As the United States expanded across the North American continent, Alexis de Tocqueville, a French political theorist, was impressed by the way multiple, independently formed, and cross-cutting associations—from knitting groups, to commercial clubs, to political parties—wove the early American Republic into a stable fabric of diverse individuals, who cooperated where their interests aligned. Similarly, CCIs can build the Indo-Pacific region into a quilt of shared interests that wraps the region in security, comforts individuals with stability, and enables them to pursue their individual prosperity in an environment of free interaction and open commerce.
To ensure this open environment has longevity, an anchor is necessary, not only for the FOIP in general, but to help tie CCIs into a framework. ASEAN, therefore, will sit in the middle of this quilt—at the crossroads of the Indo-Pacific region—and ensure disagreements are handled through dialogue and respect for individual actors. The United States, as the region’s security partner of choice, will need to work closely with ASEAN to ensure member states are convinced of the value of this regional approach and brought into multiple, overlapping CCIs that are tied back to one or more existing ASEAN dialogue forum.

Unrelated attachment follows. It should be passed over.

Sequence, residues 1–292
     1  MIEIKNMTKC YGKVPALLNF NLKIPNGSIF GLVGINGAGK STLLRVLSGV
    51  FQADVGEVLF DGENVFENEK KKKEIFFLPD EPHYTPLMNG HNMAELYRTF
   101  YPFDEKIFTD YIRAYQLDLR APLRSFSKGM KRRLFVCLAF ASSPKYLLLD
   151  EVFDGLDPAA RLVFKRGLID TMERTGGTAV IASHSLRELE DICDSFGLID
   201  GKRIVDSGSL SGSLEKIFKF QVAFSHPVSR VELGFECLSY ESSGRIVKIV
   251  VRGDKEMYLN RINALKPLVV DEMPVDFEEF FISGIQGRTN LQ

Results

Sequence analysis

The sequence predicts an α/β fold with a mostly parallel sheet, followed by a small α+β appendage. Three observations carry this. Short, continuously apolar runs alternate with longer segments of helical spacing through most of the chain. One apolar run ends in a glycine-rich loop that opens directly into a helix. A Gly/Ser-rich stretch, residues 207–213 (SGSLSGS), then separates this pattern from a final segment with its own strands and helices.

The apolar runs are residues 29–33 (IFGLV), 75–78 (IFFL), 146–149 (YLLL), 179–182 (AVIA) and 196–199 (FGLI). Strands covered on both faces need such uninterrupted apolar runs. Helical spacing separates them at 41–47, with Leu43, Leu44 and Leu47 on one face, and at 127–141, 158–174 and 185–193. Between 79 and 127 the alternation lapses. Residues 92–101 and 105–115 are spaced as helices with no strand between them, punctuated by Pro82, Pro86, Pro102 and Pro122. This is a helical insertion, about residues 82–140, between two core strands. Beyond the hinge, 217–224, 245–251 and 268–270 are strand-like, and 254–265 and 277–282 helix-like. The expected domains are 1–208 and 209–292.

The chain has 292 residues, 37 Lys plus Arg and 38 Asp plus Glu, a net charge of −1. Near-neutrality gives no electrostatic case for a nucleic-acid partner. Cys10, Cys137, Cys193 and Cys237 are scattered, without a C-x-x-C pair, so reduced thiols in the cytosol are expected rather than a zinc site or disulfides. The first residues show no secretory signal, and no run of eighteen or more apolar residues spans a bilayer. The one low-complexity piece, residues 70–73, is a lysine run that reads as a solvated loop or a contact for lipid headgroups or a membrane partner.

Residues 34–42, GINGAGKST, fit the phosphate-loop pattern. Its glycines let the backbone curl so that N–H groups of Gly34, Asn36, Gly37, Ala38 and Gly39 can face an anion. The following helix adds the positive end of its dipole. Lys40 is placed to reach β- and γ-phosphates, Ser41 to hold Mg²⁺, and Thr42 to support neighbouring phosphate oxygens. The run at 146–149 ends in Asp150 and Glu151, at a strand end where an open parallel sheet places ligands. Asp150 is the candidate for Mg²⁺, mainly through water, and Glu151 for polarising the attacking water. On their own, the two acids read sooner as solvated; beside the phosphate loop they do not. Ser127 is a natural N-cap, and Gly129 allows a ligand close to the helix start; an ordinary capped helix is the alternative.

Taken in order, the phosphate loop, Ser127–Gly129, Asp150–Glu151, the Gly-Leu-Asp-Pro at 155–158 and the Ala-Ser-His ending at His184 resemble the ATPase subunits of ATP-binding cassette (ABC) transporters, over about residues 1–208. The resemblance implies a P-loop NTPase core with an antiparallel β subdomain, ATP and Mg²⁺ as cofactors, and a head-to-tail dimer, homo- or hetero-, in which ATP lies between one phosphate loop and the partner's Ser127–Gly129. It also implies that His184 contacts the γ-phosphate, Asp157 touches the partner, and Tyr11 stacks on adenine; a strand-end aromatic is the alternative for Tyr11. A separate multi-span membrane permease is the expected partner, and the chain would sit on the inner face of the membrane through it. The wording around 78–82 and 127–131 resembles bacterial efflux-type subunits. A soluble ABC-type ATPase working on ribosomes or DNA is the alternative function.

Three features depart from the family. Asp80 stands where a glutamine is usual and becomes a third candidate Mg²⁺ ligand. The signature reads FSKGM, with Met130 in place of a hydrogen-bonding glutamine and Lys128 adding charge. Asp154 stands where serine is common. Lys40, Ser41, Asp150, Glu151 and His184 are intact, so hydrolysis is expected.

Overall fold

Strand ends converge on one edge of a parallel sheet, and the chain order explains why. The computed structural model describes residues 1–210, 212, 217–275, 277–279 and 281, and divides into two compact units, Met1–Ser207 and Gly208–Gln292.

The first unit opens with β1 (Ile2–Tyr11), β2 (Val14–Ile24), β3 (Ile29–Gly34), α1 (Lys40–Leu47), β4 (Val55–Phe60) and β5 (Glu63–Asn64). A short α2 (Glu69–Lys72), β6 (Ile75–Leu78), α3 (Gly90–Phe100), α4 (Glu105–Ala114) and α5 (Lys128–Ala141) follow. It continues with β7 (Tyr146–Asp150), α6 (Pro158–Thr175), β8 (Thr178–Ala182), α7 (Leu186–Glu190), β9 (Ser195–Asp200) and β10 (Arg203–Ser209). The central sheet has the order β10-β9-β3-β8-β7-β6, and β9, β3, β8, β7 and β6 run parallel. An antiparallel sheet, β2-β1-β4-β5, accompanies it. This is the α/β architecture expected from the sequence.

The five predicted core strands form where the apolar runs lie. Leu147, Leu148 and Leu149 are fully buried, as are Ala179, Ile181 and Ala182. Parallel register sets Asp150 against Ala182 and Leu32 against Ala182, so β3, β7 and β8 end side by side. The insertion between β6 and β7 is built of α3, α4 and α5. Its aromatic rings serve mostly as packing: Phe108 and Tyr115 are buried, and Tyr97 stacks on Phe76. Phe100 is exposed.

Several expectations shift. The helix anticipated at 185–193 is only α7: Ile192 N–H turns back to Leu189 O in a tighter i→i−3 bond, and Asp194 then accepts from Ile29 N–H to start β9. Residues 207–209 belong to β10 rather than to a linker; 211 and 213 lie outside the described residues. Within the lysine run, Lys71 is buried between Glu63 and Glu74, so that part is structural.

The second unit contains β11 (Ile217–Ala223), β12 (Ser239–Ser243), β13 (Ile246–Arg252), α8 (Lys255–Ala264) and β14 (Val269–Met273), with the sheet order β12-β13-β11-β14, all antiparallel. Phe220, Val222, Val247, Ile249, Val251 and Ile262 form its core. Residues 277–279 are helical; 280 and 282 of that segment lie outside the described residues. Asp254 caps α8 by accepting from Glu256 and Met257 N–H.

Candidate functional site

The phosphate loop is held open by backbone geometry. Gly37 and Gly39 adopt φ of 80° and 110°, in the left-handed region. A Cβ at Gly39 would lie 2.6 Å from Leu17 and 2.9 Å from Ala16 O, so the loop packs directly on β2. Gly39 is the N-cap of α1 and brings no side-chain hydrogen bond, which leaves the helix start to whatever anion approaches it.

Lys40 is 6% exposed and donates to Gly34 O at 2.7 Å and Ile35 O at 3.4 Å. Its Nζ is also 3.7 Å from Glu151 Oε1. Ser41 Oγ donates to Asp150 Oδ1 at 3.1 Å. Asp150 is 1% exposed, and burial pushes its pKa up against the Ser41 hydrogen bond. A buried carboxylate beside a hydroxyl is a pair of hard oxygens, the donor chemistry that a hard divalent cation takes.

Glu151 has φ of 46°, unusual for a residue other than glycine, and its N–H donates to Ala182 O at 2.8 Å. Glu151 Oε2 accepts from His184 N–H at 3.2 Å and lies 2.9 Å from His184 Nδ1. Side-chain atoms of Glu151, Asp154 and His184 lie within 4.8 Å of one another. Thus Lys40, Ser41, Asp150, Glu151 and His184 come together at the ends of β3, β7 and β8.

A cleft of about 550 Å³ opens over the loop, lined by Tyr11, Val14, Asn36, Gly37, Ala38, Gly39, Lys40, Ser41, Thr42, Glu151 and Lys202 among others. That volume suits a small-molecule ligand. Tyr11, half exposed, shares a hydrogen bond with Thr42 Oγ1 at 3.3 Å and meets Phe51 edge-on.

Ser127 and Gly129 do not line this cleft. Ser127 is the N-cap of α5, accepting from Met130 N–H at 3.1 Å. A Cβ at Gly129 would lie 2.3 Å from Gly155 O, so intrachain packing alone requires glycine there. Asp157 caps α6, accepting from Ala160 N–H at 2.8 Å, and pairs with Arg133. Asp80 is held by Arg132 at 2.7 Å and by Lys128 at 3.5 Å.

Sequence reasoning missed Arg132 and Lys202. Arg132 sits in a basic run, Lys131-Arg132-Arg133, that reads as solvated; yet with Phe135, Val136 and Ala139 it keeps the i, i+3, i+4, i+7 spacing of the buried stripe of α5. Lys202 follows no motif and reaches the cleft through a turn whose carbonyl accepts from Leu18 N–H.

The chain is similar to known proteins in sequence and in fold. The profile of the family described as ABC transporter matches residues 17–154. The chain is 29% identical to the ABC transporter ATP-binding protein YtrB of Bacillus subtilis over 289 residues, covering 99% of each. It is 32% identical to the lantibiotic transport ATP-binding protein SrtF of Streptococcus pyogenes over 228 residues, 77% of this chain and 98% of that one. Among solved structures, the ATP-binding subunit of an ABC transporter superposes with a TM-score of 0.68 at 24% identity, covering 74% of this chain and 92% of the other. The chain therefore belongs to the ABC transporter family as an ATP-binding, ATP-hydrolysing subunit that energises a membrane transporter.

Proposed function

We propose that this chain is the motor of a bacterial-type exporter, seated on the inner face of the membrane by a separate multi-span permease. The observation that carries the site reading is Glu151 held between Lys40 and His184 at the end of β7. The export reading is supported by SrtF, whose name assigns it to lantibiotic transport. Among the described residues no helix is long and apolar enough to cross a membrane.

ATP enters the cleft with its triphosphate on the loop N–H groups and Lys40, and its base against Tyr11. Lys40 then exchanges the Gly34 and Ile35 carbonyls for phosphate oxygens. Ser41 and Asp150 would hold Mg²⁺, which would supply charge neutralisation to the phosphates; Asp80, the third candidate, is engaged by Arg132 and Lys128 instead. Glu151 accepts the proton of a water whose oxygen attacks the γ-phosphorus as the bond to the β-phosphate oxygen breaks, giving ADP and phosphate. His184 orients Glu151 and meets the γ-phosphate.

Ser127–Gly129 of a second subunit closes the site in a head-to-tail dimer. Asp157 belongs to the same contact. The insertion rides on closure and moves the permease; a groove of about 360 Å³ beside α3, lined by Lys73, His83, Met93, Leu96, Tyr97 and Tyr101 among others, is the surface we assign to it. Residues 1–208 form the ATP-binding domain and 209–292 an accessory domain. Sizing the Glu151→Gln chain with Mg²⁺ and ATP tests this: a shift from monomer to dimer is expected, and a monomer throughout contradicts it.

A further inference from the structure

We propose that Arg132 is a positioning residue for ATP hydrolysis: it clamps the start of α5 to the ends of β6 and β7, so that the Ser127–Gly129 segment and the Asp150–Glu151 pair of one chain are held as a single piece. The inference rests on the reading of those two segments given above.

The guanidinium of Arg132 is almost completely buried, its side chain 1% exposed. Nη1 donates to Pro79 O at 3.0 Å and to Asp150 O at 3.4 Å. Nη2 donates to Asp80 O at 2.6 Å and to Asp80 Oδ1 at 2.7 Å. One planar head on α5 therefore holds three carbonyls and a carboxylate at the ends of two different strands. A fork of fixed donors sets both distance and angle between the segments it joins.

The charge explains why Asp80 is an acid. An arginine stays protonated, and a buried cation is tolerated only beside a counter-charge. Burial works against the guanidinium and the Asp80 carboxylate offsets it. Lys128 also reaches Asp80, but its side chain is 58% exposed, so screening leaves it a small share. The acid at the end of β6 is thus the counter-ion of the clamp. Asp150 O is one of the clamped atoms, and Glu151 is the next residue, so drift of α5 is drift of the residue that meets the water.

Building on its history of cooperation, dialogue, free association, and finding shared-interests, ASEAN can serve as the loom on which the FOIP is woven. But without connective threads, the FOIP and ASEAN risk having little impact on the regional-security architecture. CCIs provide a rapidly actionable tool to link the region together, act along the themes Secretary Mattis outlined, and achieve the principles that will transform the FOIP from talking points into a new, cooperative regional-security architecture.
DISCLAIMER: The views expressed in this article are those of the author and do not reflect the official policy or position of the Daniel K. Inouye Asia-Pacific Center for Security Studies, the Department of Defense, or the U.S. government.
Lt. Col. McDonald is a tank officer and China Foreign Area Officers in the U.S. Marine Corps. He has served in multiple attaché and operational tours in the Indo-Pacific and is currently a Military Professor at the Daniel K Inouye Asia-Pacific Center for Security Studies in Honolulu, HI.
Image: A U.S. Navy MH-60S Sea Hawk helicopter assigned to the Indians of Helicopter Sea Combat Squadron (HSC) 6 prepares to land on the flight deck of the aircraft carrier USS Theodore Roosevelt (CVN 71) in the Indian Ocean Nov. 24, 2017. Theodore Roosevelt was deployed in support of maritime security operations and theater security cooperation efforts. Flickr / U.S. Department of Defense